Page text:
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Justice O'Connor's Finest Hour


Justice O'Connor's Finest Hour


 


Stephen Crampton, Esq.


 


Those bells you hear ringing all over America are the sounds of jubilation overflowing from conservatives anticipating the appointment of a constitutionalist as Justice Sandra Day O'Connor's replacement.  Justice O'Connor, who announced her retirement on July 1, will serve until her successor takes office, but the next term of court does not begin until October 1, so it is unlikely Justice O'Connor will hear any more cases.


 


Justice O'Connor's role as the "swing vote" in so many controversial decisions, from abortion to Nativity displays to states' rights cases to the Ten Commandments cases, made her opinion count in many respects more than those of the other Justices.  All too often, those of us who read the Constitution as a legal document the meaning of which does not change with the times have been disappointed with decisions reflecting the "living Constitution" theory (or, as my colleague Mike DePrimo recently dubbed it, the "silly putty" theory of constitutional interpretation), and Justice O'Connor has frequently joined the majority in those cases. 


 


For all her shortcomings, however, Justice O'Connor stood tall in the recently decided eminent domain case, Kelo v. City of New London, Connecticut.  In time, her dissent may become known as her finest hour on the High Court. 


 


Kelo was decided by yet another narrow, 5-4 split.  The majority, led by ultra-liberal Justice Stevens, held that the City was within constitutional bounds to take the private residences of Ms. Kelo and the other plaintiffs and sell it to another private entity, the Pfizer pharmaceutical empire, for the sole "public" purpose of furthering economic development.  After all, the Court reasoned, the City had been economically depressed for years, and needed the jobs.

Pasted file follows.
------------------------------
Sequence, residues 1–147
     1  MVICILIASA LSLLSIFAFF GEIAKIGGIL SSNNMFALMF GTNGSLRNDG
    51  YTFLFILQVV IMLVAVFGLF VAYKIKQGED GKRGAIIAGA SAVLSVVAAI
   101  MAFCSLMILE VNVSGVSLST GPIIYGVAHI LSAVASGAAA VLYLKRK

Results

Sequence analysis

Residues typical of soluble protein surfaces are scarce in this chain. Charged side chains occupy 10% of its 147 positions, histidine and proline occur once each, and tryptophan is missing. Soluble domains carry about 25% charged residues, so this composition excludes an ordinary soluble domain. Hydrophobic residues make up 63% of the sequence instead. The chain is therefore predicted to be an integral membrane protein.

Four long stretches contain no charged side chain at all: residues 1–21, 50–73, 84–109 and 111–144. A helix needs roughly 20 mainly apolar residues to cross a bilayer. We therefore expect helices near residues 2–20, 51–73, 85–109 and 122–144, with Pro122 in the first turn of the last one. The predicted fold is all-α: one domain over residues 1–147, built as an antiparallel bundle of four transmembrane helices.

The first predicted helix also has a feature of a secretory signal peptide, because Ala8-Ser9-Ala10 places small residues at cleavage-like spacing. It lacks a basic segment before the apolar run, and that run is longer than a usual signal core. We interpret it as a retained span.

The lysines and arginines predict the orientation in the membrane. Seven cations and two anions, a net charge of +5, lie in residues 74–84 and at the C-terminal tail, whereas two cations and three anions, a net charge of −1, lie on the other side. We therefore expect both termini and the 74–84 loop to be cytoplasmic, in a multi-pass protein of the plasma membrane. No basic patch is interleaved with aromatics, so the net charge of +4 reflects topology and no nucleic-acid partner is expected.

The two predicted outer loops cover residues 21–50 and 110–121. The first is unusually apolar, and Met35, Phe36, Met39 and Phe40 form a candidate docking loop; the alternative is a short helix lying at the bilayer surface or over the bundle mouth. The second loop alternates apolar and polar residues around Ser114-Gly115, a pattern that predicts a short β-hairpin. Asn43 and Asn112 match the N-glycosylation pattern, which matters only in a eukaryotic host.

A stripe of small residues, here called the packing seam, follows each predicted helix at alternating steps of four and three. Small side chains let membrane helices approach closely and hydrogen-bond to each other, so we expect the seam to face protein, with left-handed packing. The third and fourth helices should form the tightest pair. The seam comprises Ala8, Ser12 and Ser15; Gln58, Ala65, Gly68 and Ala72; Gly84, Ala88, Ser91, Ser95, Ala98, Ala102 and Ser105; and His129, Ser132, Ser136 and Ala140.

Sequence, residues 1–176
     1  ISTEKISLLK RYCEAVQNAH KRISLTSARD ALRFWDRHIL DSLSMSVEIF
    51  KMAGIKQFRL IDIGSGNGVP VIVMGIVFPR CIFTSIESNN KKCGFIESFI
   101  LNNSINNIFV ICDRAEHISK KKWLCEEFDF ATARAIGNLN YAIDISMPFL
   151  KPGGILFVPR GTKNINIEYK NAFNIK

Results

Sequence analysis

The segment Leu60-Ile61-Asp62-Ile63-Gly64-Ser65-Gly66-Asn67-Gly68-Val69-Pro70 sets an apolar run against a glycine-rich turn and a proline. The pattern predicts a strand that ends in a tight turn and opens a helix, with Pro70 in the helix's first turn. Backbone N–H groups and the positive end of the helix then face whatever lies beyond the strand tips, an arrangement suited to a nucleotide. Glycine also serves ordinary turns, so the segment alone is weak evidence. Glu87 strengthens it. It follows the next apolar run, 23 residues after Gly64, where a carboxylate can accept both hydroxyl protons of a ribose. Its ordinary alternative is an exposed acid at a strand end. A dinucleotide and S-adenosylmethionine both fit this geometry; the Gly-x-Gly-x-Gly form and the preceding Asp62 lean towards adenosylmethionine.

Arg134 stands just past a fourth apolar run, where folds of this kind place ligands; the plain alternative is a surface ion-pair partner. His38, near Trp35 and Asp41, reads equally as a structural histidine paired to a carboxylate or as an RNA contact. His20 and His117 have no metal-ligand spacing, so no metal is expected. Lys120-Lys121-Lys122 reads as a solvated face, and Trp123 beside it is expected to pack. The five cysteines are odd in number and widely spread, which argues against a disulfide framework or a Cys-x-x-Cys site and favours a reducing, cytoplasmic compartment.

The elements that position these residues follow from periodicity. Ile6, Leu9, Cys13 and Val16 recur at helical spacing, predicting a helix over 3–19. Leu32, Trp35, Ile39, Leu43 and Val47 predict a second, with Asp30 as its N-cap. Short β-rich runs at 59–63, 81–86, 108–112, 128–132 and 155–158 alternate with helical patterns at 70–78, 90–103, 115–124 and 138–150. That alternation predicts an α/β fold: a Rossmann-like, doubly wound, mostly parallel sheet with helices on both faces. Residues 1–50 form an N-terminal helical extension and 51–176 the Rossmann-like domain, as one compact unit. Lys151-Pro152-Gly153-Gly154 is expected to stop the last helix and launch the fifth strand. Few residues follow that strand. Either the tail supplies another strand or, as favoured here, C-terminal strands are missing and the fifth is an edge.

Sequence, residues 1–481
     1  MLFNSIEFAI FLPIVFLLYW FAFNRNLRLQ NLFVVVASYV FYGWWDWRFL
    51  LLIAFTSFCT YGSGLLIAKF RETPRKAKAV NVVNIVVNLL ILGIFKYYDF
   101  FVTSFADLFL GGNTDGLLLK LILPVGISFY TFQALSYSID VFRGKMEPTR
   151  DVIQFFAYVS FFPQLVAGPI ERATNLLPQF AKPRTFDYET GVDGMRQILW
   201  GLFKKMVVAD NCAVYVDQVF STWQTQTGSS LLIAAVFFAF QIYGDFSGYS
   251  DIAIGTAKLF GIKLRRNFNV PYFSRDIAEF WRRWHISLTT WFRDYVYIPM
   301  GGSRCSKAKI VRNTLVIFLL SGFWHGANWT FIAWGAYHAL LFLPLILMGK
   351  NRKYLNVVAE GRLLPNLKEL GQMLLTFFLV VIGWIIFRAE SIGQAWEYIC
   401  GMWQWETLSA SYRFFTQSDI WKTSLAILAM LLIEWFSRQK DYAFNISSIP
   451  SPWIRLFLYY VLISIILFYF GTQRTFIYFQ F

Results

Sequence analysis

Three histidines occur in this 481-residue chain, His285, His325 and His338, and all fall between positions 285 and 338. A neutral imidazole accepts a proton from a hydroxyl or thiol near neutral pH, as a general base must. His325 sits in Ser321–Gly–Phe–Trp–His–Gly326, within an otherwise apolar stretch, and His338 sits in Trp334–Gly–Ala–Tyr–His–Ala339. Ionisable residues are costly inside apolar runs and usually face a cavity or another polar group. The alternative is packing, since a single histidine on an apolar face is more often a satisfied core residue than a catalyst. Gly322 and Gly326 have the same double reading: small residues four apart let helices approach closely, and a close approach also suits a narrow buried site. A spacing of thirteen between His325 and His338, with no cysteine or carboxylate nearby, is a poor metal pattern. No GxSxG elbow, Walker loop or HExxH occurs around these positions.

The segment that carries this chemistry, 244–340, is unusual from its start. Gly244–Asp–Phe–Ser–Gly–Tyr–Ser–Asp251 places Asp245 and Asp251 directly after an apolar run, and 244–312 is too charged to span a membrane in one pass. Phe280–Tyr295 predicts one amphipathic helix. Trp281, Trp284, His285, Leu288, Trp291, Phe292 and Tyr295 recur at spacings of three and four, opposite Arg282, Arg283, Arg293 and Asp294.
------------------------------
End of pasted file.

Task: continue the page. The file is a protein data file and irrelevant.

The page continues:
Not that it matters much to the majority, who believe in the "living Constitution" (they cited to the actual text of the Fifth Amendment only once, and then only in a footnote), but the Fifth Amendment text limits the taking of private property to those dedicated to "public use."  Public use, as the phrase logically suggests, usually means public use, such as roads, utility lines, or a park, where the public may freely roam.  The majority, however, gave us a new meaning.  Their basic logic was that "public use" = "public purpose," and economic development = a public purpose.  In a nutshell, according to the Court, public use can mean almost anything the legislature says it means.


 


The majority's sudden urge to defer to the judgment of the legislature may be excused as temporary insanity.  It was long gone within a matter of three days, when the same Justices (with a single exception) bulldozed over legislative determinations in the Ten Commandments cases.  Deferral to legislative judgment, it seems, is something the Justices do only when it furthers their purposes.


 



Justice O'Connor dissented, joined by Chief Justice Rehnquist and Justices Scalia and Thomas.  She immediately cut to the quick: "Under the banner of economic development, all private property is now vulnerable to being taken and transferred to another private owner, so long as it might be upgraded--i.e., given to an owner who will use it in a way that the legislature deems more beneficial to the public--in the process."